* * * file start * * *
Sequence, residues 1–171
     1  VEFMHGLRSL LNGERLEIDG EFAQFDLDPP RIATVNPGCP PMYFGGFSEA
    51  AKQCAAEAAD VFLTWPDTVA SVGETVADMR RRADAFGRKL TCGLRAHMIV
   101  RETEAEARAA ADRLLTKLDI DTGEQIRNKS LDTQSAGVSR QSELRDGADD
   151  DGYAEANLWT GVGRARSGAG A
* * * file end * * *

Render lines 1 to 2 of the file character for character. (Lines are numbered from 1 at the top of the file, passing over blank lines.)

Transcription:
Sequence, residues 1–171
     1  VEFMHGLRSL LNGERLEIDG EFAQFDLDPP RIATVNPGCP PMYFGGFSEA